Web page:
We’re calling these ‘Flash Organizations’ and ‘Flash Teams.’ In our work so far, it’s been amazing to watch how quickly a group of people from around the world come together to complete complex projects. We’ve seen everything from the creation of new smartphone apps to video games. Another area of research I’m involved in is thinking about how we can make cancer centers more effective and patient-friendly. In a recent experiment, a cancer center adopted a new technology where all doctors and patients wore a tag that sensed their building location. The data collected via these sensors provided opportunities for the optimization of patient flow, teamwork and networks. It’s the “Internet of Things” meets organizations.
Behind the scenes, I am thinking a lot about workers’ rights in online labor markets. What will jobs, benefits, etc. look like if there’s more on-demand hiring through apps and online labor markets? It’s important to be mindful of workers’ rights while we’re doing this work. As these new ways of working become a reality, we need to create systems that not only help businesses get work done more efficiently but that honor and respect workers who participate.
I’ve always been interested in social systems and how people work. As a Stanford undergrad I studied human biology, which combines social sciences with the hard sciences. My PhD is in the behavioral sciences, so when I graduated there were many directions I could go: business, engineering or medical school. I chose Stanford Engineering. The Management Science and Engineering Department (MS&E) is really cool because the research here is problem-focused and grounded in the interaction between human behavior and technology. We observe human behavior, record the data, and determine how that data can help shape human behavior. The kind of engineering ascribed to me is “systems engineering,” and my focus is on how human behavior contributes to complex systems. Systems engineers work to design systems where humans and technologies behave intelligently together. My mantra is “go see;” go observe human behavior in situ. Anytime you have a system that isn’t working or your abstraction is not matching what’s happening, go see. Observing a system in action is one of the most important things that a systems engineer can do.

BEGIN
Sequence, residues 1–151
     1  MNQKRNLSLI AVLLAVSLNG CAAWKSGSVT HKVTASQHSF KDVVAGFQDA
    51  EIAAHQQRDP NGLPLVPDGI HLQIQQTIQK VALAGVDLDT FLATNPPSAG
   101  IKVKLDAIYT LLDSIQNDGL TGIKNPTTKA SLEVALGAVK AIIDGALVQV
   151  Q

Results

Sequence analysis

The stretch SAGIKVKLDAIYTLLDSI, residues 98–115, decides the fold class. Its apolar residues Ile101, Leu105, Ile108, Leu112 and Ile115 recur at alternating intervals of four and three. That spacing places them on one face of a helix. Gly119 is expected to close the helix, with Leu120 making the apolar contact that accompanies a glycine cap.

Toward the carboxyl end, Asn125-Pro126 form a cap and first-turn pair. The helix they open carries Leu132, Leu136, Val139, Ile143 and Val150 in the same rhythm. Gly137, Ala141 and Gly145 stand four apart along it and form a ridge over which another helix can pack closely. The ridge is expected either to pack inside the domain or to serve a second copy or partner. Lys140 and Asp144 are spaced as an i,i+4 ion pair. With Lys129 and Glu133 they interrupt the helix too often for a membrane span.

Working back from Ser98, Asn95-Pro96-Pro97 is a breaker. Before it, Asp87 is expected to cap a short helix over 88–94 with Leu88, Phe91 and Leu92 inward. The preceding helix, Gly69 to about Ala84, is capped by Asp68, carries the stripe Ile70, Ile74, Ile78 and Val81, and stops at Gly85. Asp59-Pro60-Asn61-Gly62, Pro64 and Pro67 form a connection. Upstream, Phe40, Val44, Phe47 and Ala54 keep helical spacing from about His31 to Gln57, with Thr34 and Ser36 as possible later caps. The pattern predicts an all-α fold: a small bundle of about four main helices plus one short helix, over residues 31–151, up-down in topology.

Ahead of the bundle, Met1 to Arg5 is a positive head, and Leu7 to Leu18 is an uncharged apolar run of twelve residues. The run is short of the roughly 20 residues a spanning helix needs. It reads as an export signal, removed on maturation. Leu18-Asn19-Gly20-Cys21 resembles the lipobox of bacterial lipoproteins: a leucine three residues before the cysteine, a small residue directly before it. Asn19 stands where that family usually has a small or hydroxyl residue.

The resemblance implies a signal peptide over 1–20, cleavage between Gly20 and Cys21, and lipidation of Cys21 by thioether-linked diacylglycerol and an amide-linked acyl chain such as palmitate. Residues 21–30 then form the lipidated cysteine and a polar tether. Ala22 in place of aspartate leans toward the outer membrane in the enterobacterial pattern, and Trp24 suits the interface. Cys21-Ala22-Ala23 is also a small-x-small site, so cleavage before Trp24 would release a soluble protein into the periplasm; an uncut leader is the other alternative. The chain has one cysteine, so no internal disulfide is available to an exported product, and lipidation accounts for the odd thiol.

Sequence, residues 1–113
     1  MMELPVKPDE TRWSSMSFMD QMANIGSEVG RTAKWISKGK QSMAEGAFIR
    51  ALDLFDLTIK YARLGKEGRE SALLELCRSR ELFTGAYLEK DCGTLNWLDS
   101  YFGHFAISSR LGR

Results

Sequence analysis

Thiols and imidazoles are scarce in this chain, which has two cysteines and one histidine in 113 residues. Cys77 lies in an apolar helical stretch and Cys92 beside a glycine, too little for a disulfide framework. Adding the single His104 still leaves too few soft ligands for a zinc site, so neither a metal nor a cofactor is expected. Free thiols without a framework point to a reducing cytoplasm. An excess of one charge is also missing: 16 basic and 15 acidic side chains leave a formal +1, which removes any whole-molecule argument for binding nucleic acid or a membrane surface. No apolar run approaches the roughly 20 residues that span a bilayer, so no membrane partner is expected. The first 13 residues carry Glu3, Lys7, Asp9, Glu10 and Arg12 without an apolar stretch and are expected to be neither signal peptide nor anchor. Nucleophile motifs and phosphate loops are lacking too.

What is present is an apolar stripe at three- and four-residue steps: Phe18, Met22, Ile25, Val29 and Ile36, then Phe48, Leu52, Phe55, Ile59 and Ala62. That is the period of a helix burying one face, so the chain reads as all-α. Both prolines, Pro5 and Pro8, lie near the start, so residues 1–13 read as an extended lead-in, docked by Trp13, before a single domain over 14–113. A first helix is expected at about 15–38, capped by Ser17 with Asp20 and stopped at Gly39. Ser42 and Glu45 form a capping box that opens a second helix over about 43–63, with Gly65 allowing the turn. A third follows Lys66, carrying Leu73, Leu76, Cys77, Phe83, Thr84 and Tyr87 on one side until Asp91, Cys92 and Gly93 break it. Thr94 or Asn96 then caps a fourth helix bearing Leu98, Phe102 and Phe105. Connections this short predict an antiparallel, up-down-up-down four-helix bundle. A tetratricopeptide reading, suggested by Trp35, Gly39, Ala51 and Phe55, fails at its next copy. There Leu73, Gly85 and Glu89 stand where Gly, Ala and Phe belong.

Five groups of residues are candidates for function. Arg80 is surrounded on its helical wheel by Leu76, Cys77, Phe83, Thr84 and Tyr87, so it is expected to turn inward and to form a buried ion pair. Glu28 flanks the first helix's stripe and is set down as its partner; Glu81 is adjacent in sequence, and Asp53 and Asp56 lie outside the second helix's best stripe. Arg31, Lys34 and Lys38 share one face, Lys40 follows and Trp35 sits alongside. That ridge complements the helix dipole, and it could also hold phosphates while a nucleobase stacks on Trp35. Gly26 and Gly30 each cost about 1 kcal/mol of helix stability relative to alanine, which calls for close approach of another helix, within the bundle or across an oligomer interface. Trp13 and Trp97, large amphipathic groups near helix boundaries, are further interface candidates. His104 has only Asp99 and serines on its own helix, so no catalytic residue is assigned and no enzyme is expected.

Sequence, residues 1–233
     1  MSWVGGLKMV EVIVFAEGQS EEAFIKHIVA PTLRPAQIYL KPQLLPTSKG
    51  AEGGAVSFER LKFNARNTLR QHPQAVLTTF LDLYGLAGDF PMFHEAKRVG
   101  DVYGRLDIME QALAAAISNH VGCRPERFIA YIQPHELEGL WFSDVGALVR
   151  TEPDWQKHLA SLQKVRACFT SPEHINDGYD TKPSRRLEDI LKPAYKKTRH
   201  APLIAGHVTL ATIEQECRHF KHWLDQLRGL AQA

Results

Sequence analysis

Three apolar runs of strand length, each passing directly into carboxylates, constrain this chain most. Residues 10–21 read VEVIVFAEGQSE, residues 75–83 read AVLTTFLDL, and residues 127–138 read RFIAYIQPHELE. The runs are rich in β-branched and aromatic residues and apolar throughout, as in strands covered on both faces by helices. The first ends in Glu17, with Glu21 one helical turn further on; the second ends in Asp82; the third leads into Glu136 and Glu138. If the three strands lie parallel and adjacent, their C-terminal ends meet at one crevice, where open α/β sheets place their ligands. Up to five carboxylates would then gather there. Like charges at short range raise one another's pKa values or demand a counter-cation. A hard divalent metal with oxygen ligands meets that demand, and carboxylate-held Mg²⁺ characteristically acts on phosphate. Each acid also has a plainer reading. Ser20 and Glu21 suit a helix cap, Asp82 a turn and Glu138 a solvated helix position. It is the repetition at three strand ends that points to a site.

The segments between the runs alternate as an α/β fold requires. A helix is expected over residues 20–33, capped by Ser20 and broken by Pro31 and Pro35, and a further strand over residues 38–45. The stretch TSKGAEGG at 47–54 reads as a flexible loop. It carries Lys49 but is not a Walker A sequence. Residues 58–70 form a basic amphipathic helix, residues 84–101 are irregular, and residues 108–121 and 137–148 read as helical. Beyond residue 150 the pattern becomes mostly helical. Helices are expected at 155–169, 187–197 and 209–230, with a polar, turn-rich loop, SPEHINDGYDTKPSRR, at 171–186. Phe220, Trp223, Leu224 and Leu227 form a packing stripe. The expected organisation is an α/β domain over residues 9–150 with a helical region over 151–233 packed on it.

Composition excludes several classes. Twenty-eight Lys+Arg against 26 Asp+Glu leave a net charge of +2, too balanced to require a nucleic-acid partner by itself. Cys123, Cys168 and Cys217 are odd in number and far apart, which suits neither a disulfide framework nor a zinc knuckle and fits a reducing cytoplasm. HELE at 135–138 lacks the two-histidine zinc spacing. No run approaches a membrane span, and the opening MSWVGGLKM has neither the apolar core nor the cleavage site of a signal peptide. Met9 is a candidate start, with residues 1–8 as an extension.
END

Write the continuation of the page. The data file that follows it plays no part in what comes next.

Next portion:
I was thinking recently of other things that make me feel proud to work here. When I interviewed for this job, I was five months pregnant, and I was worried, because people talk about how there is sometimes discrimination against women and especially against pregnant women. I'm really proud of myself for going for this job anyway, and I'm really proud of my department for having a conversation about the research and about my ideas, while simultaneously respecting my identity as a woman, and as a mother.